The founding and maintenance of the United States by its presidents led to the subsequent naming of cities, towns, schools, roads, bridges, and buildings in their honor. Perhaps the most obvious example pertains to George Washington, namesake of our nation’s capital; not to mention, it seems like every community in every corner of the country has a Washington Street of some varying length and prominence.
James Monroe with Washington shares the distinction of having a national capital named for him: Monrovia, Liberia. Here in the US at the state level there’s Jefferson City, MO (Thomas Jefferson); Madison, WI (James Madison); Jackson, MS (Andrew Jackson); and innumerable counties nationwide named for every one of these men and others. The list continues on through the forward trajectory of history.
This trend seems to have peaked after the assassination of John F. Kennedy in 1963, prompting a wave of locations, public spaces, and memorials named for the 35th president. With the founding and incorporation of towns essentially at a standstill since westward expansion in the 19th and 20th centuries, most modern presidents lend their monikers to the likes of battleships, airports, and national parks.
There was only one president, though, actively took part in the naming of a city and put pen to paper, scribing its name identically to his. One can almost picture him slouched over a desk, lazily and loopily sketching his name on the incorporation papers where a line on an official document thirsted for ink: L-I-N-C-O-L-N.
(While the capital city Lincoln, NE was indeed named for Honest Abe, he had no part in its naming.)
Lincoln, IL was established as the county seat of Logan County, situated so exactly in the middle of the state it was as if the town were platted by a seasoned surveyor.
In fact it was Abraham Lincoln who assisted in plotting out each tract of land for settlers to cultivate, using lessons learned while briefly employed as a prairie surveyor several years prior.
In the early-to-mid 1800s, the pioneers and settlers were blazing westward from a number of places for a number of reasons. Some were Southern gentry looking to till new soil and cash in on the lucrative cotton market. Some were New Englanders bent on preaching the evils of slavery in the heartland. Some were entrepreneurial spirits looking to strike it rich with the California gold rush. Some were hoping to make the best of free land allotments by the government in the Pacific Northwest on the condition they farm it for an extended period of time. Some were European immigrants escaping famine, overpopulation, or economic hardship from Ireland, Germany, and the countries of Scandinavia.
For many, the launching point west began in Missouri, by way of Illinois. Riverways were indirect and some weren’t navigable. Railroads were still up and coming and tracks were relatively limited. Soon these routes would become interconnected and lead to an even more explosive surge westward.
As part of a plan to link the swelling lakefront city of Chicago with other westerly hubs like St. Louis, a railroad was proposed between Springfield, IL and Bloomington, IL which directly boosted the value of the land between the two cities.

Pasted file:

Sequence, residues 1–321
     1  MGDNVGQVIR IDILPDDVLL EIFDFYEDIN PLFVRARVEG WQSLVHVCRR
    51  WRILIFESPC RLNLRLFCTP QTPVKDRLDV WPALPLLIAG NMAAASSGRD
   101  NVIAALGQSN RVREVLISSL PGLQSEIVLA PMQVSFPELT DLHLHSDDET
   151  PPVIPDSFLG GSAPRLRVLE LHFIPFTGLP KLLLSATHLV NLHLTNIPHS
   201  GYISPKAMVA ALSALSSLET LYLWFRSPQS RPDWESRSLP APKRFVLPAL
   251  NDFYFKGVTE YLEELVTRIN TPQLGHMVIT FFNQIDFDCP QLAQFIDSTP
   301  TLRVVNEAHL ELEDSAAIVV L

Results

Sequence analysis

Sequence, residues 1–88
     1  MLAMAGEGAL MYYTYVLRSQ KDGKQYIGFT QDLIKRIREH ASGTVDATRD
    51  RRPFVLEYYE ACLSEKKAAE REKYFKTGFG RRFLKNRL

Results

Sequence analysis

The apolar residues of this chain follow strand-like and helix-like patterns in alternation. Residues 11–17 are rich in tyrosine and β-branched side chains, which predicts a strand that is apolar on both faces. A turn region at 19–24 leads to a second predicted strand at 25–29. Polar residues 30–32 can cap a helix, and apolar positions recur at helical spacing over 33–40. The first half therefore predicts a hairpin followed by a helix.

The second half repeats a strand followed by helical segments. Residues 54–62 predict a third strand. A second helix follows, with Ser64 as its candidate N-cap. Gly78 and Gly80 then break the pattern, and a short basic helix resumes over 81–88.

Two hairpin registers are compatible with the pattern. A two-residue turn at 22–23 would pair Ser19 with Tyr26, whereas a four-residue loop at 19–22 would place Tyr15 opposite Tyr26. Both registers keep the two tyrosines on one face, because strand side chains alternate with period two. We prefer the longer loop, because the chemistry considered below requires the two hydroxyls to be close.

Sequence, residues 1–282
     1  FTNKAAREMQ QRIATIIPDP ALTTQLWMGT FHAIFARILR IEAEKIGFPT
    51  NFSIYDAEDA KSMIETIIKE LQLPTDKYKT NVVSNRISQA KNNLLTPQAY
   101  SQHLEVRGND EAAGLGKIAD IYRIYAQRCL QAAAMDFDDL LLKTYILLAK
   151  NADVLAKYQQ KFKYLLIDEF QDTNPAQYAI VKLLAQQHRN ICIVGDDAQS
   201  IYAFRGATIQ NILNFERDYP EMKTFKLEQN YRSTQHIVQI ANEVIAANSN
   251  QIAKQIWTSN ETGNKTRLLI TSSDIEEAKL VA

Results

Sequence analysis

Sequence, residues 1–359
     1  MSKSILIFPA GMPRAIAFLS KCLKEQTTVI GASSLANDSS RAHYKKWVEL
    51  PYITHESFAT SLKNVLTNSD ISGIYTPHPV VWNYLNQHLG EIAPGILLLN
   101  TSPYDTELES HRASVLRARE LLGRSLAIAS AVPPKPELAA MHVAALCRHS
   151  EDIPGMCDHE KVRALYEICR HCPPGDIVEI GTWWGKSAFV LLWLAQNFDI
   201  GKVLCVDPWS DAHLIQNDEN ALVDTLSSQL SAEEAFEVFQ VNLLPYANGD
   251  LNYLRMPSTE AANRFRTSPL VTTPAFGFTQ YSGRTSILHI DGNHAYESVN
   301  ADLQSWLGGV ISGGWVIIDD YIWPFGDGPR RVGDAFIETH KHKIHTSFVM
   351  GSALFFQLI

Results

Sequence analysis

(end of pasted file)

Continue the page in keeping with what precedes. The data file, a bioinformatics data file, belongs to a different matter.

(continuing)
A joint venture by three men called the Town Site Company “purchased the land from Isaac and Joseph B. Loose for $1,350”1 in 1853 and turned to one of the men’s lawyer friend, Abraham Lincoln, to draw up the necessary papers. “Mr. Lincoln drew all the deeds and papers and the document of Aug. 24, 1853, which contained for the first time the word ‘Lincoln,’ was also drawn by Mr. Lincoln in Mr. Lincoln’s office in Springfield.”2
Though Lincoln, the town, states on its website “There is some controversy over who had the original idea to name the town Lincoln… Unfortunately, no one knows who named the town Lincoln,” poet-historian Carl Sandburg notes in his voluminous biography of the president that it was the men of the Town Site Company who instructed Lincoln, the man, to name if for himself.
To this Lincoln replied, employing his signature self-deprecating humor that made him a favorite frontier storyteller, “‘You better not do that, for I never knew anything named Lincoln that amounted to much.’ Then he wrote in the name of Lincoln, and it was so spelled out on the maps and railroad time tables.”3
In his classic quirky fashion, the way bottles of wine are broken over the bow of boats before their maiden voyages Abraham Lincoln christened the town by using, of all things, watermelon juice.
As recounted to Congressman Lawrence Beaumont Stringer, “Mr. Lincoln purchased two watermelons, at about the noon hour, brought them, one under each arm, to the new square, invited Messrs. Latham, Gillett and Hickox to help him dispose of them, with the remark ‘Now we’ll christen the new town.’”4
There stands today a statue of a slice of watermelon near the railroad depot as a testament to Lincoln’s participation in the founding and naming of Lincoln, IL.
1 City of Lincoln. “Lincoln History.” lincolnil.gov.https://www.lincolnil.gov/index.php?option=com_content&view=article&id=45&Itemid=68
2Stringer, Lawrence Beaumont, History of Logan County: A Record of its Settlement, Organization, Progress and Achievement (Chicago, Pioneer Pub. Co., 1911), p. 567
3Sandburg, Carl, Abraham Lincoln: The Prairie Years II (New York, Harcourt, Brace & Company, 1926) p. 45
4Stringer, Lawrence Beaumont, History of Logan County: A Record of its Settlement, Organization, Progress and Achievement (Chicago, Pioneer Pub. Co., 1911), p. 568